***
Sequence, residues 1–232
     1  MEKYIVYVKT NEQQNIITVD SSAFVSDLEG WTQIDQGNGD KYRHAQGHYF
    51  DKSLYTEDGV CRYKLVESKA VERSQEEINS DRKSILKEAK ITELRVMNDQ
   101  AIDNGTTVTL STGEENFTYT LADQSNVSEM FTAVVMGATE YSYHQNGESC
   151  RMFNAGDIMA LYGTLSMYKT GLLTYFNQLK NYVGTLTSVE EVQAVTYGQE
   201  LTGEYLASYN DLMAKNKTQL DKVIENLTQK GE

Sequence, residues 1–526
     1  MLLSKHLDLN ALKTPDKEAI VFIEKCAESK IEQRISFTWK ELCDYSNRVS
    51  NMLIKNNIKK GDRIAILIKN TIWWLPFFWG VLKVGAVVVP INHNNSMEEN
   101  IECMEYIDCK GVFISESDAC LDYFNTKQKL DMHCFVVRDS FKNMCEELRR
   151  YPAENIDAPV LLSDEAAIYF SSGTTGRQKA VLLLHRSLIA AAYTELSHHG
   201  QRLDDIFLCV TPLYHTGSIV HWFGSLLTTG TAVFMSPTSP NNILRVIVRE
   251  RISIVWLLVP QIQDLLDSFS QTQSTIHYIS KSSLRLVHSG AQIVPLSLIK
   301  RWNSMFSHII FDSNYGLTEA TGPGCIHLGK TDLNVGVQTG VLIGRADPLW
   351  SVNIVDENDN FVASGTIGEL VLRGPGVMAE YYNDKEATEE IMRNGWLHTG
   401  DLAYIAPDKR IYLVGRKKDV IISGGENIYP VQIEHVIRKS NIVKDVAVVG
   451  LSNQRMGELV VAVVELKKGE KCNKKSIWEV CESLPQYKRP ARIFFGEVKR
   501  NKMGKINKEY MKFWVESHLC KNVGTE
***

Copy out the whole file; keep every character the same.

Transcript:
Sequence, residues 1–232
     1  MEKYIVYVKT NEQQNIITVD SSAFVSDLEG WTQIDQGNGD KYRHAQGHYF
    51  DKSLYTEDGV CRYKLVESKA VERSQEEINS DRKSILKEAK ITELRVMNDQ
   101  AIDNGTTVTL STGEENFTYT LADQSNVSEM FTAVVMGATE YSYHQNGESC
   151  RMFNAGDIMA LYGTLSMYKT GLLTYFNQLK NYVGTLTSVE EVQAVTYGQE
   201  LTGEYLASYN DLMAKNKTQL DKVIENLTQK GE

Sequence, residues 1–526
     1  MLLSKHLDLN ALKTPDKEAI VFIEKCAESK IEQRISFTWK ELCDYSNRVS
    51  NMLIKNNIKK GDRIAILIKN TIWWLPFFWG VLKVGAVVVP INHNNSMEEN
   101  IECMEYIDCK GVFISESDAC LDYFNTKQKL DMHCFVVRDS FKNMCEELRR
   151  YPAENIDAPV LLSDEAAIYF SSGTTGRQKA VLLLHRSLIA AAYTELSHHG
   201  QRLDDIFLCV TPLYHTGSIV HWFGSLLTTG TAVFMSPTSP NNILRVIVRE
   251  RISIVWLLVP QIQDLLDSFS QTQSTIHYIS KSSLRLVHSG AQIVPLSLIK
   301  RWNSMFSHII FDSNYGLTEA TGPGCIHLGK TDLNVGVQTG VLIGRADPLW
   351  SVNIVDENDN FVASGTIGEL VLRGPGVMAE YYNDKEATEE IMRNGWLHTG
   401  DLAYIAPDKR IYLVGRKKDV IISGGENIYP VQIEHVIRKS NIVKDVAVVG
   451  LSNQRMGELV VAVVELKKGE KCNKKSIWEV CESLPQYKRP ARIFFGEVKR
   501  NKMGKINKEY MKFWVESHLC KNVGTE